The deployable spares pack remains a work in progress, but here engineers are empowered to determine what spares are required based on their knowledge of the aircraft. Knowledge is also shared between squadrons, including 847 NAS, which has completed operations in Norway’s Arctic Circle (Exercise Clockwork), Arizona (Marine Corps Air Station Yuma) and California (Naval Air Facility El Centro) during 2016.
Lt Cdr Brett Gillies, 815’s AEO, added: “We will soon have more data points to assess, including the impact of heat on the aircraft. 815 and 825 have three flights in total deployed currently: 815 the latest, which embarked on board HMS Duncan at the end of May. 815 have transferred 25% of its engineers to Wildcat and our engineering numbers are approximately 75% of where we need to be.”
Wildcat maintenance packages are blocked together at present into 25, 50, 100, 200 and 300 hourly checks, unlike the Lynx, which has flexed maintenance. Lt Cdr Almond was a key member of the project development team considering how maintenance schedules for Wildcat could be made more efficient. He said: “If you plot maintenance man hours per flying hour or maintenance man hours associated with each of those packages, there is no real depth [maintenance]. One of my previous roles was considering where Wildcat depth would fall if completed within squadrons, rather than sending them away at set intervals for external depth.
“Plotting out 200, 300, 400 [flying hour] spikes confirmed they’re not cyclical, so it’s difficult to choose when a huge package should take place, especially given aircraft are routinely removed to complete various RAD packages. Most of our aircraft are around 300 hours. The wider fleet has 500-hour aircraft. The closest we got on HMA was 480 hours before the RAD programme removed it.”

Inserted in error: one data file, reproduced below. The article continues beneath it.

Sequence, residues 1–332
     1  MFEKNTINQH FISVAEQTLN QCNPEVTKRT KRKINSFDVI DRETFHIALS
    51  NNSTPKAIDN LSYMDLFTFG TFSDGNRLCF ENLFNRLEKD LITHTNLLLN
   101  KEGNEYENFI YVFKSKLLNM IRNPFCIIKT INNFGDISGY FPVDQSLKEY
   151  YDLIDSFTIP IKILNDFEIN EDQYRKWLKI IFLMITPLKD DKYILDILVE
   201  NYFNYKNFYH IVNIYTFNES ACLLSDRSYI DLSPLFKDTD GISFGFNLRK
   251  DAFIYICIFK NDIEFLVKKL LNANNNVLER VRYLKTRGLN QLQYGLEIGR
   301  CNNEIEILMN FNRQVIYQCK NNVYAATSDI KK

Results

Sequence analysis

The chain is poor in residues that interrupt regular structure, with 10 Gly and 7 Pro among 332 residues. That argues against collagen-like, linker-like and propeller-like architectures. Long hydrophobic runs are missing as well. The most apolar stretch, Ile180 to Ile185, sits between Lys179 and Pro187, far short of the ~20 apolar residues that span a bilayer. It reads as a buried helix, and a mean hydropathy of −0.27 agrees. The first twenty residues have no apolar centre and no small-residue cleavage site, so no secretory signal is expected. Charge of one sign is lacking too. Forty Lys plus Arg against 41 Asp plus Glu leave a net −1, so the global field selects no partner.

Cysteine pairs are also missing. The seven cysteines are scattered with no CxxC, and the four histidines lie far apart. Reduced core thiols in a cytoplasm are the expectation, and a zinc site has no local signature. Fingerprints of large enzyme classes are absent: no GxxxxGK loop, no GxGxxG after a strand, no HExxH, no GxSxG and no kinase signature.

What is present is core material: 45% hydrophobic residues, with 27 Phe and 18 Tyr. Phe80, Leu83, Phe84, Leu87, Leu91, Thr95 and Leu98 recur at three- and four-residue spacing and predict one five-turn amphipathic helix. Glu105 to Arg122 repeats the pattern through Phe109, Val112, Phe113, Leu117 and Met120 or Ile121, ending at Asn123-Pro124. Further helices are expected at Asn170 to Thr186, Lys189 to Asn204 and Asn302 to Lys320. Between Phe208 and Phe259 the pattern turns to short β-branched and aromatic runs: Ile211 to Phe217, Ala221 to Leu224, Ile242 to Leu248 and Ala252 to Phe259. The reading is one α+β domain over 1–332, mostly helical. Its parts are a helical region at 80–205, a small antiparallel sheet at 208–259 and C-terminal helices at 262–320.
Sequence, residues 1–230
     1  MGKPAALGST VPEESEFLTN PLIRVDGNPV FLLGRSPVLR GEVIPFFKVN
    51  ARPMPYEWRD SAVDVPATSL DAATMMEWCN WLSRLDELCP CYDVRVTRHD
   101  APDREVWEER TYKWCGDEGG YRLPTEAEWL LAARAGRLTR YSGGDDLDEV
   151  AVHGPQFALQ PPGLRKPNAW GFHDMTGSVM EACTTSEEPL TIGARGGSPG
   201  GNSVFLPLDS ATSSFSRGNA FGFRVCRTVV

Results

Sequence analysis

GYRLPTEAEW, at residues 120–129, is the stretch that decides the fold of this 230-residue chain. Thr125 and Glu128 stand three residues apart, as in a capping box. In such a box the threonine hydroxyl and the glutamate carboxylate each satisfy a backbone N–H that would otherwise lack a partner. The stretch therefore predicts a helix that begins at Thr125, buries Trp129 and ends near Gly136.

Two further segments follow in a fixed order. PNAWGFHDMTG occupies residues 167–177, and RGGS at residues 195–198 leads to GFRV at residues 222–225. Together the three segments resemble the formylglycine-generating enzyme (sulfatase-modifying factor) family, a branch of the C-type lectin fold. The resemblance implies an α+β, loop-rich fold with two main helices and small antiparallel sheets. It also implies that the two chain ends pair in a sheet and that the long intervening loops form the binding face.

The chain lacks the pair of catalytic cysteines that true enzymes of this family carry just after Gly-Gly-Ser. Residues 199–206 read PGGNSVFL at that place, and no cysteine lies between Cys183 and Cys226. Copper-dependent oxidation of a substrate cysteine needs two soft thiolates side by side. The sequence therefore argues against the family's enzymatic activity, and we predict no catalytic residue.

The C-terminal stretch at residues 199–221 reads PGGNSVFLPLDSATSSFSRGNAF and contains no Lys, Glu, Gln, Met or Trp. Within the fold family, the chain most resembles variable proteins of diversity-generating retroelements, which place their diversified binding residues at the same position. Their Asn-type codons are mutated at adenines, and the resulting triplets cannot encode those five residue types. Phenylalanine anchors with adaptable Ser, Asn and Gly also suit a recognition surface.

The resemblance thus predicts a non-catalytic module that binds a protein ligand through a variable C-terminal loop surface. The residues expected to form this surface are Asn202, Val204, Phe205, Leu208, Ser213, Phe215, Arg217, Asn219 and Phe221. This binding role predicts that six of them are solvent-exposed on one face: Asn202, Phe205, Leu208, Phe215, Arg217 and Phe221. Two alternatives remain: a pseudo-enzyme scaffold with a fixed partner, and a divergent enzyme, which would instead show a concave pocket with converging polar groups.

Wildcat is effectively helping reshape maintenance schedules. Serious consideration is being given to whether the Wildcat fleet requires a traditional depth maintenance profile. Further analysis is obviously required before definitive decisions can be taken. However, many assert that military aircraft are overmaintained in some areas and Wildcat’s maintainers are certainly considering the implications of a new approach.
Lt Cdr Almond said: “We bought 28 aircraft and there is a requirement for 24 in our forward fleet, so sending one away every six months is inefficient and doesn’t happen commercially. Both squadrons’ throughput is so high, a significant engineering effort would be required to regenerate an aircraft even if away for a couple of months. The aircraft’s health and usage monitoring system and the new transmission vibration monitoring system help us identify problems early, providing new learning thresholds that we can act upon. We therefore need to be smarter about the way we use these intelligent systems and adapt our cyclical programmes accordingly.”
The success of Wildcat HMA2’s first operational deployments is clear to those on the front line; 825 and 815 will continue to feed their experience back to both the manufacturer and various commands who will develop tactics and assess its wider potential use, which is considerable, especially in terms of adding weapons, TDL and increased range.
The burning long-term issue for the decision-making bodies is how to use the aircraft’s capability and potential to develop future CONOPS. Starting offshore, it doesn’t take a rocket scientist to work out that this variant offers huge potential in the land and littoral environment. Expectations must be tempered though, because FOC remains some way off, as Cdr Collins confirmed: “We are still learning about Wildcat.”
However, he added: “I sometimes wonder now how I ever achieved what I did in the Lynx when I compare it to what I can now deliver capability wise in Wildcat.”
FUTURE ANTI-SURFACE GUIDED WEAPON
Thales and MBDA have been contracted to supply the Future Anti-Surface Guided Weapon (FASGW) Light (L) and FASGW Heavy (H) respectively. FASGW(L) is a lightweight precision-guided weapon capable of providing multiple channels of fire and delivering a proportional and precise effect against a wide range of air, land and sea targets such as fast inshore attack craft and rigid inflatable boats. FASGW(H), known as Sea Venom in service with the Royal Navy, is intended to counter the more severe threat posed by fast attack craft and corvettes (up to 1,000 tonnes), as well as striking static and soft coastal targets like FASGW(L). The target for initial operational capability is around 2020.